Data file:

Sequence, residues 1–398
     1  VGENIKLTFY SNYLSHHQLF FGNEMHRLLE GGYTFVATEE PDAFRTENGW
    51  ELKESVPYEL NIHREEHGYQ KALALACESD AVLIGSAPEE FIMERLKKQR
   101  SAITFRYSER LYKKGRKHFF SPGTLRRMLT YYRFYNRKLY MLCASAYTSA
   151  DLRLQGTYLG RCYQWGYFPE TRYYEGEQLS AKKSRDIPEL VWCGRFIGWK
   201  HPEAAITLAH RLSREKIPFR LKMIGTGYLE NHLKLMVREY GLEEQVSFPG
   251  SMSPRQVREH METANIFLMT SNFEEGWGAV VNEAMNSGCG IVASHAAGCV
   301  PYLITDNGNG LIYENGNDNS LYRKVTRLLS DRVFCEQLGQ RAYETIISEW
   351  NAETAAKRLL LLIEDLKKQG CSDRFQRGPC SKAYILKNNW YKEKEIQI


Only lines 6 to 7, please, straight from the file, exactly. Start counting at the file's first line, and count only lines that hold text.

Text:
   201  HPEAAITLAH RLSREKIPFR LKMIGTGYLE NHLKLMVREY GLEEQVSFPG
   251  SMSPRQVREH METANIFLMT SNFEEGWGAV VNEAMNSGCG IVASHAAGCV